The following is one of many stories of Roma pride published originally in Bulgarian on the website of civic organisation, Roma Standing Conference, partner of Proud Roma Free Europe.
My name is Princess – Princess Ivanova. I am 19 years old and I am from the north-western Bulgarian village of Dolni Tsibar. I come from a very close-knit family, and ever since I was a child, my parents have always been very supportive of my brother and me. They always encouraged a desire for knowledge and supported us in our every endeavour, whether participating in the Olympics or a voluntary initiative.
We grew up in a quiet, beautiful village on the banks of the Danube, away from the hectic city life. Our village of Dolni Tsibar is nicknamed ‘Roma Cambridge’, as more than 90% of the population is Roma, and there is a very high percentage of graduates among them.
What could be better for a child than to grow up in a place where they are accepted, understood, greeted with optimism and treated as equals? Until the age of 14-15, we did not face discrimination – we only heard the word on television. No one worried about their children, and everyone had the freedom and courage to be themselves.
The time must come, however, for the bird to leave its nest and learn to fly. I travelled to the big city, where life not only took on a faster pace but also revealed its harsh reality – a world that does not accept one’s differences.
I enrolled in a specialised high school and graduated in economics and management in the town of Lom – the only high school near our village with student transportation. The school is segregated, with the majority of attending students Roma. As such, for the four years I was there, I didn’t have to hide or be ashamed of my Roma origins.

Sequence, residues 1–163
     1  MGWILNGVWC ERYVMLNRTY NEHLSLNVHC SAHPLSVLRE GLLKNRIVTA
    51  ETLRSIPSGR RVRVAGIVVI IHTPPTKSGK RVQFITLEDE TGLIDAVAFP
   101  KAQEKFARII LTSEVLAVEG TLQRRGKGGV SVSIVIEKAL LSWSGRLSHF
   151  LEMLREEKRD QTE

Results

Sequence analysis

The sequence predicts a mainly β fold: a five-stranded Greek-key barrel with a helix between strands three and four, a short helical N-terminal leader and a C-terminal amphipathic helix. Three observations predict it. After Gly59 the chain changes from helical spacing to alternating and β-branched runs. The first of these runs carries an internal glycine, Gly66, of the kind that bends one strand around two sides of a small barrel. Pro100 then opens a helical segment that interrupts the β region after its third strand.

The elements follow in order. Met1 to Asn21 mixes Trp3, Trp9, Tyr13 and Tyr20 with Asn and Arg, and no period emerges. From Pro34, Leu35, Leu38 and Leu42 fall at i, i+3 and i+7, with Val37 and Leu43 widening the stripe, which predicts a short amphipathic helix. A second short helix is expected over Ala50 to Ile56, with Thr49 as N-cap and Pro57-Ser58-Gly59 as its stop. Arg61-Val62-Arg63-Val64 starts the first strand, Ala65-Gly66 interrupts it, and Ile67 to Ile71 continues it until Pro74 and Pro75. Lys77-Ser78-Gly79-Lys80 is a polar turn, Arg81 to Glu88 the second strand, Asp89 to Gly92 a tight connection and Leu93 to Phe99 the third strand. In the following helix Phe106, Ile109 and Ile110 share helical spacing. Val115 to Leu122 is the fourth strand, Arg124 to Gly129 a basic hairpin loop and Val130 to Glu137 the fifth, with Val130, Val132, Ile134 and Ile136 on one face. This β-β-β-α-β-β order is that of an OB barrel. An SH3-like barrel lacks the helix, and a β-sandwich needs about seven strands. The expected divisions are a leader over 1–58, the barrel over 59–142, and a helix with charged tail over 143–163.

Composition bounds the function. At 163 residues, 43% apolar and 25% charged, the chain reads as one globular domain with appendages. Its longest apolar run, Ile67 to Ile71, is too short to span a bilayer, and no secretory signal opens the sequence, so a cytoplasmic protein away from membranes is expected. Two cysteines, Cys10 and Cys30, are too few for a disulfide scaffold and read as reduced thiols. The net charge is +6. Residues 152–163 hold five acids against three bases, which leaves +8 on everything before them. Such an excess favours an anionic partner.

While I didn’t face open racism during my time there, I couldn’t escape the feeling that something was missing and I wasn’t doing enough. I wasn’t experiencing the world. So, I decided to do something about it. I started volunteering, meeting new people, getting to know new places, and I gained a feeling of satisfaction and strength in my abilities. It spurred me to start organising various events and information campaigns that improve awareness of the conditions Roma face, but most of all – to wake up the Roma youth.
As I experienced these new environments, I felt people saw me differently and as an obstacle. Besides having an unusual name, I was often the only Roma woman in the room. I’d experience insults, ridicule, and ethnic slurs…
I have always been inspired by people with a clear sense of purpose who are committed to a cause and do everything they can to contribute to the well-being of their community. I am impressed by how young people subjected to racism learn to become successful and educated, working tirelessly to fulfil their dreams. And by those who become role models and help children, who, like me, have experienced feelings of insecurity and are afraid of the new. Such people can bring about change and challenge the present reality. I am proud to know such people, listen to, read and write about their achievements, their family’s pride, and how they shatter other people’s opinions.
What I am most proud of, however, is that, like them, I set a personal example and challenge stereotypes for a better future. I hate the word ‘integration,’ which sounds empty and overused. ‘Acceptance’, on the other hand, sounds completely different, and it sounds beautiful. But how do we expect others to accept us, given that we do not accept ourselves?
During the census in 2011, only 320,761 people from all over Bulgaria identified themselves as Roma! 320,761 Roma stand by their ethnic origin. Where is everyone else? Where are the big families of every Roma that we can count on? Where is the confidence in the traditions passed down by our ancestors? Where are our values and our Roma flag? Our blue and green flag features a wheel with 16 spokes, symbolising the eternal and earthly spiritual values of freedom and infinity, independence and progress.
Let us be more united. Let us acknowledge and remember our history and language because otherwise, we risk losing our identity. A nation that does not remember its roots is, like a tree, ready to break at any moment. Let us prevent this from happening. Our own and our ancestors’ struggle for independence would be in vain should we allow ourselves to be controlled and forgotten. Preserve your roots and identity so that with time, when the tree grows, you can enjoy the fruits of your labour!